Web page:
Free and Unecessary Thought
August 26, 2006
Recently, I saw a news blurb from one supposedly newly freed country, half way around the world. A well dressed, well educated, well spoken man confirmed, to the astonishment of the interviewer, that he'd been warning his students from having too much "free and unnecessary thought". At first I thought that this man was joking, that this was surely some sort of comedy routine. As I listened, I kept waiting for the punch line, but it never came. I was shocked and dismayed to find that this man is a University Professor! Old idiologies die slowly, it seems, even in "free" societies. Come to think on it, this isn't too far from where we are today in other parts of the so-called 'free' world. Is freedom such a relative thing?
One thing that I value more than just about anything learned growing up, was something my folks and long time mentors to our church youth group had insisted upon our understanding above all else - to think for ourselves That meant not to believe by wrote what someone attempted to pass off to us just because they said it was so (tradition), but to consider a thing well before settling on the matter. This meant that we were to seek wise counsel and weigh things carefully before saying, "This is what I believe to be true, and this is what I'm going to do about it." It meant that we were going to have to develope critical thinking skills. It meant that we were going to have to look at all sides of an issue. It meant that we were going to have to develope courage. It also meant that we were going to have to become responsible; quite a challenge for teenagers growing up in an era of a between-a-rock-and-a-hard- place no-win, war torn society. They taught us not WHAT to think..but, simply, how to........THINK. That's a touch stone (true wisdom) which has gotten me out of a few tight spots over the years, and has kept me from following the lemmings of our time blindly over that proverbial ledge and into the sea. And for this valuable lesson, I am eternally grateful.
It has been my pleasure (and sometimes pain) to discover many good songs here on Folk Alley protesting a variety of unethical and unsavory practices and policies against humanity and of it's stewardship over this earth and it's inhabitants. Many songs encourage calls to action, reinforcing unity of purpose. These songs are not only really good listens, but also challenge me to reconsider some of my former attitudes about things. It's songs like these which cause me to stop and think before I leap, blindly, to support a cause or idiology, or even to settle comfortably into one without a thought.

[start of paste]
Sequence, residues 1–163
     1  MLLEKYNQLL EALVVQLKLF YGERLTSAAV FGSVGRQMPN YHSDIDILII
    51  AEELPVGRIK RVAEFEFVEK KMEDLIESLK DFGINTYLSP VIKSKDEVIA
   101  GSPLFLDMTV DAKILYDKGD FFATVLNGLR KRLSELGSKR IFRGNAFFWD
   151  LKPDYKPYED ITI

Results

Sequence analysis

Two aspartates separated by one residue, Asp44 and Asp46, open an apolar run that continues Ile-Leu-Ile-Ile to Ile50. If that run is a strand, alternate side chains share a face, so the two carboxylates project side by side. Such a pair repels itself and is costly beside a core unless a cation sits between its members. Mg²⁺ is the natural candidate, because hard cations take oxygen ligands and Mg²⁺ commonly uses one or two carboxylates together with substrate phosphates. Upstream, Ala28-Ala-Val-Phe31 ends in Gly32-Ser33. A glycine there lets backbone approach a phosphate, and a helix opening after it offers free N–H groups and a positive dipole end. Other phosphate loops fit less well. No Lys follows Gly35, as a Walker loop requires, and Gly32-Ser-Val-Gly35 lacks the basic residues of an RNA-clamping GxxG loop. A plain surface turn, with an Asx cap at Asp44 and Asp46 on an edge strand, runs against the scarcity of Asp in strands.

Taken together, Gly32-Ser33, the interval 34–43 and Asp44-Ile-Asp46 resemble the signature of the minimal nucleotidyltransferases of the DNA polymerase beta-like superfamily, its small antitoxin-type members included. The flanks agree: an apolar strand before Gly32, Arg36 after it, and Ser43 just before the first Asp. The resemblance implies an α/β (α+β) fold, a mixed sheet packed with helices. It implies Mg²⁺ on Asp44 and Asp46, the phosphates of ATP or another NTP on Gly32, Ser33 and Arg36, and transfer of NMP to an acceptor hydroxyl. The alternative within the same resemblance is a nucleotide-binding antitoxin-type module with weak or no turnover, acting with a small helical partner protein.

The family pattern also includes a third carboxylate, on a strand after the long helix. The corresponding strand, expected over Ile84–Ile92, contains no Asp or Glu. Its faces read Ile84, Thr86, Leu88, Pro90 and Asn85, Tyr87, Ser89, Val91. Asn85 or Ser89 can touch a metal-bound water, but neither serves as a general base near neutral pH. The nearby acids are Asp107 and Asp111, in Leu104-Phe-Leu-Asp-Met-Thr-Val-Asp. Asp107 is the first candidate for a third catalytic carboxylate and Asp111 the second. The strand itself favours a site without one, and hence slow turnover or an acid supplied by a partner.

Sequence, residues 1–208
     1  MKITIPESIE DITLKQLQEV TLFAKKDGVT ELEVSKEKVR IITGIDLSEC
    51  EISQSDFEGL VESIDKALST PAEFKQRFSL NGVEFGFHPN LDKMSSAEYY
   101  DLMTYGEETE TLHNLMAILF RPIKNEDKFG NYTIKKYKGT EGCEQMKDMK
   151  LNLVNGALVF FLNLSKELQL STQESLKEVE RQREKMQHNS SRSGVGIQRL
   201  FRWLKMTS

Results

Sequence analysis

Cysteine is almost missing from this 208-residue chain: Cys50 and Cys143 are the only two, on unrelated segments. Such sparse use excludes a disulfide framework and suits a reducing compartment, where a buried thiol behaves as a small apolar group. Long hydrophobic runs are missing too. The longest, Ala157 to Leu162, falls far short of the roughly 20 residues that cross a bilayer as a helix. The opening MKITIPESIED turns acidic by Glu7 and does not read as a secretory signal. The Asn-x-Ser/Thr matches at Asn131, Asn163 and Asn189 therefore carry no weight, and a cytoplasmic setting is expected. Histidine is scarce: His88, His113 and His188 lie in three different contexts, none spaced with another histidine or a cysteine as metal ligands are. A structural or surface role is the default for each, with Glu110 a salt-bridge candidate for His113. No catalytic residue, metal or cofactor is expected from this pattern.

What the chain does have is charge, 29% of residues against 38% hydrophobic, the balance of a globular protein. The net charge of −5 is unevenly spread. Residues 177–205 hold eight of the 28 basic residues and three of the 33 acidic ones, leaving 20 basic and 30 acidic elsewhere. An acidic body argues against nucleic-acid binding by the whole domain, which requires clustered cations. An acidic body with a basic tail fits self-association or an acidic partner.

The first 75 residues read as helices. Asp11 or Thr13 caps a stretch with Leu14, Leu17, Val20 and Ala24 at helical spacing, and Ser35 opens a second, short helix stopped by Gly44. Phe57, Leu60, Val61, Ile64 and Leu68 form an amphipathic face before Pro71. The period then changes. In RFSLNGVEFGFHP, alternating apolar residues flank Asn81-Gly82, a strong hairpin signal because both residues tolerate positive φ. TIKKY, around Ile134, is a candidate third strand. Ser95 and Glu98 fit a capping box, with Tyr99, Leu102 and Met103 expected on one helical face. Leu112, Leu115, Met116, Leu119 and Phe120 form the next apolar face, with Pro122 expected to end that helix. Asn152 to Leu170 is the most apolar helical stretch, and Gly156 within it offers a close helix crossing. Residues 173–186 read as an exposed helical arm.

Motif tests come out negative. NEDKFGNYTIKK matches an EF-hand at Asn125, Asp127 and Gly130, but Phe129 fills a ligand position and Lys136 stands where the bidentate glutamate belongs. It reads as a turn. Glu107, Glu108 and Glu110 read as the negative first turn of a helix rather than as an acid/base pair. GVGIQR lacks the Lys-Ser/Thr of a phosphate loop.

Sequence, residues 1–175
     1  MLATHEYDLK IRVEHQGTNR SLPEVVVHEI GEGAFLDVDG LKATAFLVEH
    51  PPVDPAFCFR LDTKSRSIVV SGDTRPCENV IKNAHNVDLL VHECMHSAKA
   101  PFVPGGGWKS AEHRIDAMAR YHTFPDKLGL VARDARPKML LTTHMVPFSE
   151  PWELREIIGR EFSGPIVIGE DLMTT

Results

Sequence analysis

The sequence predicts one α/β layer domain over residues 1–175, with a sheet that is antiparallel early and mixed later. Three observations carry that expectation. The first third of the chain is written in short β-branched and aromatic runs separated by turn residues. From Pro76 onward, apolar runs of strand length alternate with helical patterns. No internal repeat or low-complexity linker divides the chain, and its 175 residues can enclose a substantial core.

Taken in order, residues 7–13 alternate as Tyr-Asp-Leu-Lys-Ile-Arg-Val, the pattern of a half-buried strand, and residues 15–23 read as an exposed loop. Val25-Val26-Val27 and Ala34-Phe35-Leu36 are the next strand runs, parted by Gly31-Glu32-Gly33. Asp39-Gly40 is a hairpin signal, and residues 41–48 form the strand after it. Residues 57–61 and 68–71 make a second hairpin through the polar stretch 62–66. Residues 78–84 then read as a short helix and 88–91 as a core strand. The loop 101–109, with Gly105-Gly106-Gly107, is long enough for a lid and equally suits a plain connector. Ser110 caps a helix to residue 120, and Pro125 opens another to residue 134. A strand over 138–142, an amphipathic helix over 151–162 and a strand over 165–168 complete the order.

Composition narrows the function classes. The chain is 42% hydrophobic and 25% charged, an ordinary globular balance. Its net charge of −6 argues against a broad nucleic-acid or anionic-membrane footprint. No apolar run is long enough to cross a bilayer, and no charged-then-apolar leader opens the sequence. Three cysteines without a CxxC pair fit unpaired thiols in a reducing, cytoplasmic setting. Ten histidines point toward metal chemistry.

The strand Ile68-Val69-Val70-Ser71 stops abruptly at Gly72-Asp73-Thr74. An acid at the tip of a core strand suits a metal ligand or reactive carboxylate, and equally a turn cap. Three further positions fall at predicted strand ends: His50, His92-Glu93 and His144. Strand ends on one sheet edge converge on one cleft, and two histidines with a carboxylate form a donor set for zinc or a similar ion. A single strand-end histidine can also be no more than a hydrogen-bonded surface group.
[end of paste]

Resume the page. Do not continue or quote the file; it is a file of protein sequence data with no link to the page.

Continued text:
Instead of imbedding links to the many individual songs here, I will simply provide a link to Ann VerWiebe's recent blog, "Where Have All the Protest Songs Gone?" and encourage you to participate in the conversation. Feel free, as well, to post active links to good protest songs down below in this thread.
We can be grateful (glad) that we have the priviledge to express thoughts...ANY thoughts, even those difficult thoughts which are deemed by some (yes, even right here in the good ol' U.S.of A.) to be 'free and unnecessary'. Thank goodness for those daring teachers and professors and mentors who are willing to encourage free and critical thinking, and for forums, such as Folk Alley where we can have collective class "sit ins" and "stand ups", not "drop outs". I'm hearing things here which would encourage me to consider a matter, thoughtfully, before running my mouth about it, before wearing a really cool looking tee-shirt or button to promote a cause, or even before casting my vote on an issue. I want to be able to really believe in a thing for which I stand or am promoting. In order for me to be able to do that, I must first carefully consider all viewpoints.
One thing's for sure, I'm supporting Folk Alley if for no other reason than to encourage free and open expression in a free-thinking challenged world. Leave it to Folk, yet again, to pave the way for open discussion and dialogue!
What are some of the songs or comments you've heard here on Folk Alley and from around the world which have challenged your sense of what you THOUGHT you knew to be correct thinking, and how have they affected your attitudes toward change?
Share if you dare!
Now, does everyone have his assignment? Good.
Posted by JoLynn Braswell at August 26, 2006 5:14 PM